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Sunday, 24 March 2019
THIS year’s Goring 10km race has been hailed a success despite bad weather and the cancellation of last year’s event.
Organisers had feared that attendance would be lower because the race was called off at the 11th hour last year due to snow and ice on the course.
However, almost all the 1,200 spaces in Sunday’s race were taken and the proceeds are expected to be on a par with previous years.
Runners set off at 11am from outside Storton Lodge in Icknield Road and followed a circuit through the countryside north of the village.
They ran as far as South Stoke, where marshalls were manning a water station, before heading south along the Ridgeway past the Withymead nature reserve and then finishing in Bourdillon Field, off Elvendon Road.
The skies were overcast and there were frequent downpours as well as a strong wind, which made the second half much tougher than usual.
The race was started by Ben Smith, a mental health campaigner who completed 401 marathons in 401 days in 2016 to raise awareness of bullying, homophobia and depression.
He jogged alongside the runners to offer words of encouragement and finished 405th in just under an hour.
Children from Goring Primary School, whose parent-teacher association runs the event, gave medals and jelly babies to each finisher as well as flapjacks made by Pierreponts café in the village high street.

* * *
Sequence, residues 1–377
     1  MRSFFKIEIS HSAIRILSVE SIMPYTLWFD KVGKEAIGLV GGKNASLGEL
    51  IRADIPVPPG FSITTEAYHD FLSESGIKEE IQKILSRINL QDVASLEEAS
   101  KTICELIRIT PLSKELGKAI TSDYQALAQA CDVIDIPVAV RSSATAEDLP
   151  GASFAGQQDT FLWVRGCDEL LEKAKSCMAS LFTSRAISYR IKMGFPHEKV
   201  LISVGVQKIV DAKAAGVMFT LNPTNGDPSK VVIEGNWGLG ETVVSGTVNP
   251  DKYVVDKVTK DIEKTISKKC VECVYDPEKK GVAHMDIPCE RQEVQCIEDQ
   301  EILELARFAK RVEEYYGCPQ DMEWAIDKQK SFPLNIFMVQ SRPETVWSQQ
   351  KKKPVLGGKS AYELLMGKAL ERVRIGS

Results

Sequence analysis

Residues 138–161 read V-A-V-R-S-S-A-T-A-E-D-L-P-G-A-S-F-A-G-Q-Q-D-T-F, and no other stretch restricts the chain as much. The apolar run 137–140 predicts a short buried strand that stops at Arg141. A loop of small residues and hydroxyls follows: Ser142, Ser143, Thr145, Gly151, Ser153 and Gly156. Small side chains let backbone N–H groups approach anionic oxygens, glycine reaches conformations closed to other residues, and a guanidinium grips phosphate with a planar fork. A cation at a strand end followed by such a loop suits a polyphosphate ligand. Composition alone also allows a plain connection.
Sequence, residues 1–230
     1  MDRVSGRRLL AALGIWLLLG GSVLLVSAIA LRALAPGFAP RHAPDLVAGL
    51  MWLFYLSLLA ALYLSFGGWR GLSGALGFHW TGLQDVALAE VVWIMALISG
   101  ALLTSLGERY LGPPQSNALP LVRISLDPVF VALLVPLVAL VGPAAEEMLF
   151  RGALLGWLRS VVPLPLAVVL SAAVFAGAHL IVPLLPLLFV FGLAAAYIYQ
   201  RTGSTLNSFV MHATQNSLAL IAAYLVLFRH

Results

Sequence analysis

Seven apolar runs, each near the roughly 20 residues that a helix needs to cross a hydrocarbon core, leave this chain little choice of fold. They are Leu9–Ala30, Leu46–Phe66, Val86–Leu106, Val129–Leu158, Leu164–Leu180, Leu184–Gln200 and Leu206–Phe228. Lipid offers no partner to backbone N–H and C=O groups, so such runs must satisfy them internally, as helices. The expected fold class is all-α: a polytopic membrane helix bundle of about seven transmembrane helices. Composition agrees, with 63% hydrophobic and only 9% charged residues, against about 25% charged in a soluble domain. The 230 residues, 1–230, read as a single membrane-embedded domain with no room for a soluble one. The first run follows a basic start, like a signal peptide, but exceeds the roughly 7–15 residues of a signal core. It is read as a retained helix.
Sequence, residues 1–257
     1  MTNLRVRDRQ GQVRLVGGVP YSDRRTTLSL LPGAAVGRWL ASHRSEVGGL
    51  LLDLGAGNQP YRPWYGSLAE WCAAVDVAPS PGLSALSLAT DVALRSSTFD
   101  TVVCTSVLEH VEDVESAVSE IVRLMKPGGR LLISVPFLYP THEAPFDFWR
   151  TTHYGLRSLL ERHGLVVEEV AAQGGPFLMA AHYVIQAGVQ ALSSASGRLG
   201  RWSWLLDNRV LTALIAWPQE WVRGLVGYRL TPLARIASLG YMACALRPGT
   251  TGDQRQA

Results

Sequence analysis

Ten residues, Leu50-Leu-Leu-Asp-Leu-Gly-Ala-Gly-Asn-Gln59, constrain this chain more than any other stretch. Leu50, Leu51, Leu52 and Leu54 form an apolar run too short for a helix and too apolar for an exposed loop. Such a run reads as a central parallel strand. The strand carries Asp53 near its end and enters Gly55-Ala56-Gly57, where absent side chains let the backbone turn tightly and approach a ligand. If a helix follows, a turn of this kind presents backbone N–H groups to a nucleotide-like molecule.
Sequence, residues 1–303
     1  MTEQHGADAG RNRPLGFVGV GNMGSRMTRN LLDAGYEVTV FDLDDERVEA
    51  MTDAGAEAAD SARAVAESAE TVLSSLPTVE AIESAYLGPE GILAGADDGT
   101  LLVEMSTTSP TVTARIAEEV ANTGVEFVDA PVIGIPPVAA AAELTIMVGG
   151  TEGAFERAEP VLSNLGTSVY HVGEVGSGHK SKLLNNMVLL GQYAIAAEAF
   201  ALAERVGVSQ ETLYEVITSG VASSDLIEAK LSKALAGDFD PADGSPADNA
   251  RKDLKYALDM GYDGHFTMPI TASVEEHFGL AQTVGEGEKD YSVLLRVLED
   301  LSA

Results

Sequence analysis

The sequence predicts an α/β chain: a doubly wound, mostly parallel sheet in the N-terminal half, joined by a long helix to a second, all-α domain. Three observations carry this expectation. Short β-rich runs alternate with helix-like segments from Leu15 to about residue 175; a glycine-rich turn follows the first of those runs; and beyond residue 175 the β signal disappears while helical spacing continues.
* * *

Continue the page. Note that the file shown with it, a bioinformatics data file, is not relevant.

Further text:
The winner was Ben Paviour, 46, from Sonning Common, who runs for Herne Hill Harriers and Reading Roadrunners and regularly competes in the race. He finished in 35 minutes and 54 seconds.
He said: “It’s local to me so I usually do it. It’s a really tough course — in fact, this one and the Woodcote 10km are about the hardest 10km courses you can get.
“It was windy and the last few miles were the hardest I’ve ever known. The conditions were hard but it’s a great local event. I’ve won the men’s veterans category before but this is my first outright win.”
Jess Gibbon, 22, from Rotherfield Greys, who runs for Reading Athletics Club, was the runner-up and the first woman home with a time of 36 minutes and 58 seconds. Miss Gibbon, who was taking part for the third time, said: “It’s a traditional course and a really nice one.
“It was not easy with the rain and there was a really strong headwind uphill. It was good fun but tough.
“I came second the first time I did it but that was under better conditions so I’m even happier with my result.”
Chris Lucas, from South Stoke, a former winner of the Woodcote 10km, came third and was the men’s open winner while 15-year-old Adam Hunt, from Tokers Green, was first in the men’s juniors.
The other category winners were Mark Stileman (men’s super veterans), Peter White (men’s grandmasters), Susan Francis (women’s veterans), David Richards (men’s masters), Stephanie Cook (women’s super veterans) and Tracey Lasan (women’s masters).
Organiser Jules Hopkinson, who also took part, said: “The race had a proper cross-country feel as it was such a wet and blustery day.
“Runners were kept cool by the wind and it made the opening stretch much easier but they had to run into it later on so there was no chance of a new record being set. It was a very tough finish.
“I don’t know how he did it, but Ben managed to speak to hundreds of people and was running for short stretches while holding their hands, which was appreciated. We were very glad to have him with us.
“We were nervous that people would wait until the last minute to see what the weather was like but there was a huge pile of completed entries on the morning and we’re happy with how it went.”
The proceeds will go towards the school’s £30,000 appeal for a new minibus.
The full results will be published in next week’s Henley Standard.
11 March 2019
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